In the rush to develop and ‘de-Japanise’ Taiwan, the ROC Government demolished most of the pre-1949 architecture and replaced it with concrete, tiles and high rise buildings. This BBS post highlights some of the landscape changes this has engendered. One of the most noticeable aspects of the change in urban planning and development has been the narrowing of roads combined with a substantial increase in motor traffic using them. For me though, the worst effect of post war development has been the ‘destruction of the skyline’ - note in the pictures how a clear view of the skies has been obstructed by taller and taller buildings which in turn cast permanent shadows and reduce the amount of sunlight getting into working and living spaces. That is an anathema to nature and I suspect has had deep psychological and health ramifications.
From time to time, we see CCP and KMT Government officials claim to act in the interests of social order and to avoid ‘ethnic conflict’. On the surface this pays lip service to the notion of a multi-ethnic nation but neither the PRC nor the ROC are multi-ethnic nations in practice. In reality they are ideologically, administratively, and culturally Han Chinese nations and all other non-Han ethnicities are subsumed as relative branches into this family, united under the umbrella of a fabricated history in which Han Chinese always equates to the core substance of the national identity. Using the term ‘ethnic conflict’ instead of civic unrest serves to absent the real causes for the conflict, scapegoat non Han-Chinese as disobedient and anti-patriotic, and provide a handy political rationale (other) for a crackdown on civil liberties and rights supposedly protected under the constitution.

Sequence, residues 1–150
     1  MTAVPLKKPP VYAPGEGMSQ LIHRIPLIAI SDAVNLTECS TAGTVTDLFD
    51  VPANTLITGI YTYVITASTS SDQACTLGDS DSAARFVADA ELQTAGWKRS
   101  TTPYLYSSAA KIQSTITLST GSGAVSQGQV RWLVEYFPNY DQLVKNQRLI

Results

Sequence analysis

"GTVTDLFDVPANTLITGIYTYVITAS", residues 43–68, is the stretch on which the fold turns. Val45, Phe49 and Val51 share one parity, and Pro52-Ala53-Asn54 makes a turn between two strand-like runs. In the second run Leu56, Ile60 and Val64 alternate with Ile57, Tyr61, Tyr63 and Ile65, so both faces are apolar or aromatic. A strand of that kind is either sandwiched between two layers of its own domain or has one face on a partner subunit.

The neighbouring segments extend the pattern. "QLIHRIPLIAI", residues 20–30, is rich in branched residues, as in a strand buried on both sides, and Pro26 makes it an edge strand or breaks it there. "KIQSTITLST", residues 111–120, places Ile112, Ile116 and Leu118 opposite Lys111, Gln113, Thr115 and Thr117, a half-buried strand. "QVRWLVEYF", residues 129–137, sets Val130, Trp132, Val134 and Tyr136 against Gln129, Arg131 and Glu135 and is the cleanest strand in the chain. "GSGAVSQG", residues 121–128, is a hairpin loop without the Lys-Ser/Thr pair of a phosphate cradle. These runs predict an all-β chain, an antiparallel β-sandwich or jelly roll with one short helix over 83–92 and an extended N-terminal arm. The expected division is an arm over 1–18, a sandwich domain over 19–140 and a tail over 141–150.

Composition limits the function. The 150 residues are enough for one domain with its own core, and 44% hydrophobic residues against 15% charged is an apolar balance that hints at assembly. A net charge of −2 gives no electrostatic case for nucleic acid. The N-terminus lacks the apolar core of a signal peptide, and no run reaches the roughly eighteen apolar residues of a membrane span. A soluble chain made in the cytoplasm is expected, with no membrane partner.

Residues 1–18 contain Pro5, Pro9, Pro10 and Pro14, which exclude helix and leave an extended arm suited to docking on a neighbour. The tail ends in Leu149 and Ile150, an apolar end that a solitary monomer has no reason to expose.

Is their [censors’] patriotism, political judgment and artistic taste better than ours, the directors?
FENG XIAOGANG, FILMMAKER
Actor Zhang Guoli tried to shift the attention back to the report and started talking about Premier Li Keqiang mentioning the importance of “cultural construction”.
But Feng interrupted Zhang, calling for a “big loosening” of the state’s grip.
“So what Guoli means is that blasting the White House, having bad guys among the police – these are all acceptable to authorities because capitalism is chaotic,” the director said.
“However, Chinese movies can’t follow it because we don’t have violence and absolutely no bad guys among police. Chinese directors can’t bring shame on China,” said Feng, eliciting laughter from the delegates.